The muted call of a career in politics

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There aren't many jobs that pay six figures (expenses included) and allow for a seven week summer recess. Nor are there many that offer a final salary pension.

Despite this, the line of former bankers queuing for a career in Westminster seems short. Last week, Panmure Gordon analyst Sandy Chen denied rumours that he was readying himself to run as a candidate for the Liberal Democrats, saying that he wouldn't be able to "afford the salary."

This is a shame, given recent research suggesting most politicians have limited experience outside politics.

There was a time, however, when the path from banking to Westminster was comparatively well trodden.

The Conservative Party in particular has re-housed numerous former bankers, including Stephen Hammond, a former director of the equities business at Dresdner Kleinwort Benson, Andrea Leadsom, a former head of Barclays' investment banks team, and Oliver Letwin, a part-timer at Rothschild.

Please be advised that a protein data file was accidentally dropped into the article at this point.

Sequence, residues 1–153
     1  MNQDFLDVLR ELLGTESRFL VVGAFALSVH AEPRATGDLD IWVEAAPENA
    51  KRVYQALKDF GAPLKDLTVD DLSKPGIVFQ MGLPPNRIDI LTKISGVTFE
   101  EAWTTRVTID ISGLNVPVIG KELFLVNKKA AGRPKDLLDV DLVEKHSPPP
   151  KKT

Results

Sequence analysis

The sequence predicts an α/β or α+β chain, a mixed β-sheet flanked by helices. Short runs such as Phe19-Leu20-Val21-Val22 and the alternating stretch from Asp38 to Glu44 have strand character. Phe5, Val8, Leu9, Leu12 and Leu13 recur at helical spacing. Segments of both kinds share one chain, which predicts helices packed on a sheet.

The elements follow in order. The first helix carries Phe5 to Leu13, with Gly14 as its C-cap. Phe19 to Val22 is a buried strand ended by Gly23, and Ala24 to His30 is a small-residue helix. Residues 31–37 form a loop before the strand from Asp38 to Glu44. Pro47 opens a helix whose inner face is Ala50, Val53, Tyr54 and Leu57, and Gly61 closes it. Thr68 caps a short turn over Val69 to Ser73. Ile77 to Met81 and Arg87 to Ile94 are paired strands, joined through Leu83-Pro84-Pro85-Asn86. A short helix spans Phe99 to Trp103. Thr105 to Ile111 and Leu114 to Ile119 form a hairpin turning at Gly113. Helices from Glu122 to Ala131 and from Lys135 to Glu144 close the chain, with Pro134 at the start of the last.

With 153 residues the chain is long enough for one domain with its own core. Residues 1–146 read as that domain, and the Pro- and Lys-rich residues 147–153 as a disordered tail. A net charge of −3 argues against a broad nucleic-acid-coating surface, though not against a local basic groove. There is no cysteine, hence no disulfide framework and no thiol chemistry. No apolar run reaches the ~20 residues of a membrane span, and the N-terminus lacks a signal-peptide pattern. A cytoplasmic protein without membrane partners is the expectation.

However, the Conservatives are now broadening their candidate pool and ex-bankers are less electable than they were. Asked to comment on the desirability of bankers, Conservative Campaign Headquarters came up with the vapid statement that: "We are keen to encourage people from all walks of life and all parts of Britain."

One ex-Merrill banker and would-be Conservative Candidate isn't put off. "Former bankers are best placed to criticize the failings of the City and to suggest policies on how to improve matters," he says hopefully.

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